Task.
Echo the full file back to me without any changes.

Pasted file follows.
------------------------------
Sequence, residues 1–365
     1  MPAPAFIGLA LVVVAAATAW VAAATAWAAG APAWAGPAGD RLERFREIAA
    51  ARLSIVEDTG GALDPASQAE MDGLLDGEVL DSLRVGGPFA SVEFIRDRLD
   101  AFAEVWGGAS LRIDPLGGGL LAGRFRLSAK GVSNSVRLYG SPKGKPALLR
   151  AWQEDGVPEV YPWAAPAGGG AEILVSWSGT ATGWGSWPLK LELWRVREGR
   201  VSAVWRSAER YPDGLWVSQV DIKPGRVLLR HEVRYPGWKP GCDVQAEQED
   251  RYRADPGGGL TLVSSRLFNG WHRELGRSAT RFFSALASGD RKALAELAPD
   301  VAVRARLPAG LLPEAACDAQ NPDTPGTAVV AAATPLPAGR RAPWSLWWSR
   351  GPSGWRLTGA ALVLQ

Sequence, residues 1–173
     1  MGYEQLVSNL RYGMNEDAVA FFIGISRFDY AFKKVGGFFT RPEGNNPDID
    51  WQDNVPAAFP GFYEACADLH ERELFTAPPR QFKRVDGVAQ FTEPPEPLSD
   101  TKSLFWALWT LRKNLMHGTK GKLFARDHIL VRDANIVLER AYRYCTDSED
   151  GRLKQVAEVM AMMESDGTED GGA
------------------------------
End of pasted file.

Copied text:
Sequence, residues 1–365
     1  MPAPAFIGLA LVVVAAATAW VAAATAWAAG APAWAGPAGD RLERFREIAA
    51  ARLSIVEDTG GALDPASQAE MDGLLDGEVL DSLRVGGPFA SVEFIRDRLD
   101  AFAEVWGGAS LRIDPLGGGL LAGRFRLSAK GVSNSVRLYG SPKGKPALLR
   151  AWQEDGVPEV YPWAAPAGGG AEILVSWSGT ATGWGSWPLK LELWRVREGR
   201  VSAVWRSAER YPDGLWVSQV DIKPGRVLLR HEVRYPGWKP GCDVQAEQED
   251  RYRADPGGGL TLVSSRLFNG WHRELGRSAT RFFSALASGD RKALAELAPD
   301  VAVRARLPAG LLPEAACDAQ NPDTPGTAVV AAATPLPAGR RAPWSLWWSR
   351  GPSGWRLTGA ALVLQ

Sequence, residues 1–173
     1  MGYEQLVSNL RYGMNEDAVA FFIGISRFDY AFKKVGGFFT RPEGNNPDID
    51  WQDNVPAAFP GFYEACADLH ERELFTAPPR QFKRVDGVAQ FTEPPEPLSD
   101  TKSLFWALWT LRKNLMHGTK GKLFARDHIL VRDANIVLER AYRYCTDSED
   151  GRLKQVAEVM AMMESDGTED GGA